In the course of litigation, an attorney may wish to investigate opposing parties, witnesses, judges, and jurors. The ubiquitous use of social media presents another tool to learn about the subject of investigation. But what, if any, limitations do ethics rules place on lawyers (and those acting on their behalf) when viewing a person’s social media accounts?
While the opinion addressed a variety of “ethical issues that arise when lawyers, either directly or indirectly, use social media to obtain information regarding witnesses, jurors, opposing parties, opposing counsel, and judges,” Habte focuses on the opinion’s discussion about “repetitive viewing” of jurors’ and other trial participants’ social media profiles, noting that
Bar groups are divided on the question of whether lawyers violate ethics rules when they view the public profiles of jurors, judges or represented persons on social media platforms—such as LinkedIn—that automatically alert users to the fact that their profiles have been viewed.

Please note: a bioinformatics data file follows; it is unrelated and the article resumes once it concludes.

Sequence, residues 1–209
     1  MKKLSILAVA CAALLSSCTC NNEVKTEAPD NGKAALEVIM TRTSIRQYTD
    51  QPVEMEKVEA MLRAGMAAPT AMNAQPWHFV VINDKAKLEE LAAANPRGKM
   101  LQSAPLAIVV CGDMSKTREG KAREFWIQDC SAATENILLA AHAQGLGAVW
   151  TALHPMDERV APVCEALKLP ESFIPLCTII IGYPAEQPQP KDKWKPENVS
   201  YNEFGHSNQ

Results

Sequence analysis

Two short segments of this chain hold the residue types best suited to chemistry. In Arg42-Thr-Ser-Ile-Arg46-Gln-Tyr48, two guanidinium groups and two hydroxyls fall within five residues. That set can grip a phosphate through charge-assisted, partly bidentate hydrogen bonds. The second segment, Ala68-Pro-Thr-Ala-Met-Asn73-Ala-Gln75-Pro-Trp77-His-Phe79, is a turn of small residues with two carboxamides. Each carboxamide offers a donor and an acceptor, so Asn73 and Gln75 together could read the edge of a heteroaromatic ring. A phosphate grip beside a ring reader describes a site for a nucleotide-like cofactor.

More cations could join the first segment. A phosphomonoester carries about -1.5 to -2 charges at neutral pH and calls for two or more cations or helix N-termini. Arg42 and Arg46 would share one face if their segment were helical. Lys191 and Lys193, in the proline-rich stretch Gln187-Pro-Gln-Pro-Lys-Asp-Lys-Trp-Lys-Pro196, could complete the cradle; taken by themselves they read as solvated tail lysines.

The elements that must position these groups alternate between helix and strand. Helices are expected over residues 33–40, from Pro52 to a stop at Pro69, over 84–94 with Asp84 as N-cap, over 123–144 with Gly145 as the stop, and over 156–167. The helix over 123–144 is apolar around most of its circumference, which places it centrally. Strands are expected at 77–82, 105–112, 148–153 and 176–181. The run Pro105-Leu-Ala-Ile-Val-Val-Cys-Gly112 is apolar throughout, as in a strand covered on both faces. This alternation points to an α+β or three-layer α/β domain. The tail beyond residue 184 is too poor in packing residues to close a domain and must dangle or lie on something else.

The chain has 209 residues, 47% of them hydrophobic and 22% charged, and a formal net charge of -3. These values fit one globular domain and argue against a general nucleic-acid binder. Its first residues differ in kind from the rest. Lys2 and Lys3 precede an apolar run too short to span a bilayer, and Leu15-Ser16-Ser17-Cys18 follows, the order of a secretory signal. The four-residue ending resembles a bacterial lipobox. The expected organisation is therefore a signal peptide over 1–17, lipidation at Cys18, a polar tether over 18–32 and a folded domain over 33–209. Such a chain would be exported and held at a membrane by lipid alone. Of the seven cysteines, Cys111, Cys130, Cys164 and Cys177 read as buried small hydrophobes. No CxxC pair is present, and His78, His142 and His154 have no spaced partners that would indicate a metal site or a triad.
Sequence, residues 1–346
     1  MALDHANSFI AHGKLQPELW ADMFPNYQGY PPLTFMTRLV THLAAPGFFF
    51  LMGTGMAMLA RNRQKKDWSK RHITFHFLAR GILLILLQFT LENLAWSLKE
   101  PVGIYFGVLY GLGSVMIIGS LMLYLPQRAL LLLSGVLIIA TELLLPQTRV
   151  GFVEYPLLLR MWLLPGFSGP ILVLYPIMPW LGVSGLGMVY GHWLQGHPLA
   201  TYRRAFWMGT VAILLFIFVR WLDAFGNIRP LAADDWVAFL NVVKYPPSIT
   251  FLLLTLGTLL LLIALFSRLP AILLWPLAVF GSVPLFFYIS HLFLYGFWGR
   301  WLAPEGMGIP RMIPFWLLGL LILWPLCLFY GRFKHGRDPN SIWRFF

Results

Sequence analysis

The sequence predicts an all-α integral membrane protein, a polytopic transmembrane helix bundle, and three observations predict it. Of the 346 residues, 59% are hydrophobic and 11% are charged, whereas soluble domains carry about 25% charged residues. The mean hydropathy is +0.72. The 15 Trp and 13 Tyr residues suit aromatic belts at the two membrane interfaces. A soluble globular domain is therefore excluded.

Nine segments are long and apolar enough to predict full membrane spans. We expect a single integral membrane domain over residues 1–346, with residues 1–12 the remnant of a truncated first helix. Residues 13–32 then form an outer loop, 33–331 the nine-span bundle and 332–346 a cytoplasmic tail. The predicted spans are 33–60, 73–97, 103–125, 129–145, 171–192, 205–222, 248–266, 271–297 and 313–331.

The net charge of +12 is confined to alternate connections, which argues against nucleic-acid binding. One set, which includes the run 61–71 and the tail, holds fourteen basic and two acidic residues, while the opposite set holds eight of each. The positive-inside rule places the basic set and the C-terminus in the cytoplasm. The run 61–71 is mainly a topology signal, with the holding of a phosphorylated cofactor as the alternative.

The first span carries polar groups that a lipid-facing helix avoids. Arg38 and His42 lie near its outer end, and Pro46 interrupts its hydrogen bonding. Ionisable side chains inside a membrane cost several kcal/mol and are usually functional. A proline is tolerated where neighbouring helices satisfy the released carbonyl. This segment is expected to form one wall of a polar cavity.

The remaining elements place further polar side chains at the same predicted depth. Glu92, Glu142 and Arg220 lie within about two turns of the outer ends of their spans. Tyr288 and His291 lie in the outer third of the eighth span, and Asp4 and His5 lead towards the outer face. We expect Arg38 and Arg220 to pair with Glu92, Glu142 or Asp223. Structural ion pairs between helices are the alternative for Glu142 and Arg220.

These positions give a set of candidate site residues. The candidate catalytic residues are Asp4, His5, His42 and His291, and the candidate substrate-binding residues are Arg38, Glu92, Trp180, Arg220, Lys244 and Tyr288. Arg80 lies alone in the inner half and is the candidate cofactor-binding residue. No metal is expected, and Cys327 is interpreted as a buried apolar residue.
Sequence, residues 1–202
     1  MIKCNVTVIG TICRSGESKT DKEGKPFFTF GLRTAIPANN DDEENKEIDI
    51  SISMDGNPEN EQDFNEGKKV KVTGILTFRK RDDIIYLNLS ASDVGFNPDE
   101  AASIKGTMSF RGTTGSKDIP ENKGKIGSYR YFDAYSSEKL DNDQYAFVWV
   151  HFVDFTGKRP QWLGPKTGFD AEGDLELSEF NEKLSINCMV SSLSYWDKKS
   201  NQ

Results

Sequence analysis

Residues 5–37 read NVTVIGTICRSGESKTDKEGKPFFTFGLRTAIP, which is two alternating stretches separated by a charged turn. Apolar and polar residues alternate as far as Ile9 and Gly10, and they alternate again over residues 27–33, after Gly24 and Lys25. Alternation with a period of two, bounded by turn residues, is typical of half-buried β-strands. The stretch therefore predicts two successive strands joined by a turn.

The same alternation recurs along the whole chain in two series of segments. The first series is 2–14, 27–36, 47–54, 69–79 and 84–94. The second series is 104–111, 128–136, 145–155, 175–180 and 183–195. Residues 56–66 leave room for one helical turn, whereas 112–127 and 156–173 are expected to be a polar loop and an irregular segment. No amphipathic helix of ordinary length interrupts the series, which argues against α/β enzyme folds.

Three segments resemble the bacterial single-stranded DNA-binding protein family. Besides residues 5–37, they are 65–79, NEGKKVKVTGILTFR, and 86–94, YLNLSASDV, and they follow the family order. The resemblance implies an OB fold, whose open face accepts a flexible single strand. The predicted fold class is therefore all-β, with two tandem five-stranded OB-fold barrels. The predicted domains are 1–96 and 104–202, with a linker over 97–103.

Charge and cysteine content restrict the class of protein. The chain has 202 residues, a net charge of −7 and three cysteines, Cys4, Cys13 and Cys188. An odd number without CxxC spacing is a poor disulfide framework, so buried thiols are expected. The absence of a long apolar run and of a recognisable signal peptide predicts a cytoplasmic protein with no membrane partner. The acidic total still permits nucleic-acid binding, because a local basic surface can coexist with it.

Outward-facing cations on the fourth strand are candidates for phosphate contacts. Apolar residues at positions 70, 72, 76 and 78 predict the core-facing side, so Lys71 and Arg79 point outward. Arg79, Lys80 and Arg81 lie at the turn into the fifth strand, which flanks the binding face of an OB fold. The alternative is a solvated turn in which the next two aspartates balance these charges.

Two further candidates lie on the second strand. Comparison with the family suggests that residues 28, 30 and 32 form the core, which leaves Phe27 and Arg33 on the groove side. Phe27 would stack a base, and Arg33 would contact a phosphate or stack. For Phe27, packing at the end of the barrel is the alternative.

The Colorado opinion states that an attorney may view public portions of a juror’s social media profile, even if the the juror may receive information concerning the individual who viewed the profile. That said, the Colorado committee said there are limits.
There could be instances where a lawyer sought to take advantage of the fact that an individual will receive notice of whom is viewing his or her profile. The Colorado committee explained that
The American Bar Association (Formal Op. 466) and several other ethics panels have issued opinions discussing lawyers’ use of social media to investigate jurors and potential jurors. Trial and litigation lawyers would be well advised to give these opinions a review.